I’ve been thinking a lot about empathy lately, and I’d like to share a few thoughts on the subject.
The Dictionary.com definition of empathy is “the intellectual identification with or vicarious experiencing of the feelings, thoughts, or attitudes of another.”
Last week, I accepted the challenge of caring for my 13-month-old Godson while his parents were traveling on business. I was an unexpected ask for all of us, but I thought it was a good opportunity for me to bond with the little guy and help them out in the process.
Suffice it to say that I had no idea what I was in for when I agreed to do it. Not that it would have changed my willingness to help. To the contrary, I’m grateful for the opportunity to learn about a side of humanity that I have never experienced. And yes, it is very different than anything I could have imagined.
I will never look at a parent pushing a baby stroller while walking a dog the same way again. In fact, I don’t think I’ll ever look at parents in general the same way again. The level of respect that I have for them has gone through the roof after this experience.
Taking care of a toddler for a week has a way of putting things into perspective quickly. Just like putting ourselves into the shoes of others in vastly different situations than we experience in our lives can as well. When faced with the pressures of these situations, a whole different way of looking at the world has a chance to emerge.
Several close friends are in research and cultural anthropology, and they often share the methodology they use to get into the minds and hearts of the people they are studying. Often, this requires immersion into the environments of the subjects so that they can see firsthand how they go about their day and experience the environmental factors that they deal with day in and day out.
How many of us really do this in our lives though? How often do we truly push ourselves way beyond our comfort zones and experience things that others are experiencing every day.
When we are tempted to pass judgement on someone because of something they have done that we perceive as wrong or inconsiderate, do we really know what is going on with that other person?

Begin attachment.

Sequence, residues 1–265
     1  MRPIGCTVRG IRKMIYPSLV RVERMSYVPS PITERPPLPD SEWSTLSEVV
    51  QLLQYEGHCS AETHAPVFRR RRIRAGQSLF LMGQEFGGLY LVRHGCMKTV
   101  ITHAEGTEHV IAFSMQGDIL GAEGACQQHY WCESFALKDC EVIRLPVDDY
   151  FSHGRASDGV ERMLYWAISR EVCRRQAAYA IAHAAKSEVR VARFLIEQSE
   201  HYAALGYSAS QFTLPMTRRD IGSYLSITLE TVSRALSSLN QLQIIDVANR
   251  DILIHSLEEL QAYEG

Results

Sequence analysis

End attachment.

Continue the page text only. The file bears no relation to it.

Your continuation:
Could we benefit from zooming out when we get caught up in frustrations in the moment and practice empathy for other people when we are tempted to focus exclusively on our own needs and desires? Can we identify with the feelings, thoughts, or attitudes of others before jumping to conclusions and casting judgement?
This isn’t just personal, by the way. There is a place for this type of practice in business as well. Marketers can peek into the lives of their customers so that they are providing products and services that truly benefit those on the receiving end.
Managers can take the time to not only get to know their staff better, but also tag along with them from time to time to see and hear what their jobs are really like every day.
On paper, these may seem straightforward, but the actual dynamics of these experiences include outside influences that are not easy to sum up in a report or a job description. The totality of factors that come together in a person’s life impacts the way they see, hear and experience the world. Thoughtful leaders and marketers take this into account and develop methods for staying connected with the people who they are leading or marketing to so they are better attuned to what is really going on in their lives.
Television, movies, music, books, articles, etc. all provide us with information – a perspective. We are influenced by what we see, hear, read, etc., and these can be powerful ways of communicating ideas, hopes, dreams, concerns, crises, etc. But what if on occasion, instead of relying exclusively on these things to inform our world view, we decided to go see for ourselves how reality matches up with what we are seeing, hearing, and reading? How might this experience help us develop empathy for others whose lives are very different than ours? Have you ever thought about this?
Two outstanding resources come to mind that I wanted to share. One is an article that I ran across a couple of weeks back that totally floored me: That truck driver you flipped off? Let me tell you his story. If you drive a car, ever, this is a must-read article.
And the other is a video by Derek Sivers, A real person, a lot like you that does a fantastic job of illustrating how online interactions can be easily misconstrued, causing unintended negative consequences for other people, just like us.
Please take a time-out of your day for just a few minutes and do me a favor. Read the article about the trucker and watch the video from Derek. When you’re done, please leave a comment here describing how this might apply to something you are going through in your own life.
Today, I’m grateful for these reminders that I have no idea what’s going on in the worlds of most of the people I interact with every day, yet I can practice empathy for others and adjust how I react in any given situation. This is a valuable lesson, and I’m making a concerted effort to develop this habit as I go through life.
Are you with me?
Photo: Brandon and Katrina Survivor Daryl Arnold by Terrell Clark